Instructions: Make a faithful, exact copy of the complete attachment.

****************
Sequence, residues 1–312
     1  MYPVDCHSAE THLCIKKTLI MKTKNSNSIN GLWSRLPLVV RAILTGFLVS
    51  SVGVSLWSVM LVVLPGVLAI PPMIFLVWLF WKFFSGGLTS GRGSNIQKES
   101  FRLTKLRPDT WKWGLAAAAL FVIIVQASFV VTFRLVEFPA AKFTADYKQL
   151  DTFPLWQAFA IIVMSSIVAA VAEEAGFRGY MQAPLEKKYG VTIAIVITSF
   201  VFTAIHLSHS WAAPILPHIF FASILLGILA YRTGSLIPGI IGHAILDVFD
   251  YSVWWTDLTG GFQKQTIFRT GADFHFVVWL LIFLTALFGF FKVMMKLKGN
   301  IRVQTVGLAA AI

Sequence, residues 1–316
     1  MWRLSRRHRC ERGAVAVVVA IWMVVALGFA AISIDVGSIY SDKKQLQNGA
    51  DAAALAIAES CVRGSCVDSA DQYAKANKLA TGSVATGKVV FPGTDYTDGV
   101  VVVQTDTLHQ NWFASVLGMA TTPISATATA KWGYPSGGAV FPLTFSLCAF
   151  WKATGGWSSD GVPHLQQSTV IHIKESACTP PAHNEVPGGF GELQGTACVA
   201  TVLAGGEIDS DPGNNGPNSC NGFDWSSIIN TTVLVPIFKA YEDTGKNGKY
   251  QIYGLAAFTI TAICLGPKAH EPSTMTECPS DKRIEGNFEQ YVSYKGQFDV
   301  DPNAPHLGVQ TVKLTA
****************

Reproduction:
Sequence, residues 1–312
     1  MYPVDCHSAE THLCIKKTLI MKTKNSNSIN GLWSRLPLVV RAILTGFLVS
    51  SVGVSLWSVM LVVLPGVLAI PPMIFLVWLF WKFFSGGLTS GRGSNIQKES
   101  FRLTKLRPDT WKWGLAAAAL FVIIVQASFV VTFRLVEFPA AKFTADYKQL
   151  DTFPLWQAFA IIVMSSIVAA VAEEAGFRGY MQAPLEKKYG VTIAIVITSF
   201  VFTAIHLSHS WAAPILPHIF FASILLGILA YRTGSLIPGI IGHAILDVFD
   251  YSVWWTDLTG GFQKQTIFRT GADFHFVVWL LIFLTALFGF FKVMMKLKGN
   301  IRVQTVGLAA AI

Sequence, residues 1–316
     1  MWRLSRRHRC ERGAVAVVVA IWMVVALGFA AISIDVGSIY SDKKQLQNGA
    51  DAAALAIAES CVRGSCVDSA DQYAKANKLA TGSVATGKVV FPGTDYTDGV
   101  VVVQTDTLHQ NWFASVLGMA TTPISATATA KWGYPSGGAV FPLTFSLCAF
   151  WKATGGWSSD GVPHLQQSTV IHIKESACTP PAHNEVPGGF GELQGTACVA
   201  TVLAGGEIDS DPGNNGPNSC NGFDWSSIIN TTVLVPIFKA YEDTGKNGKY
   251  QIYGLAAFTI TAICLGPKAH EPSTMTECPS DKRIEGNFEQ YVSYKGQFDV
   301  DPNAPHLGVQ TVKLTA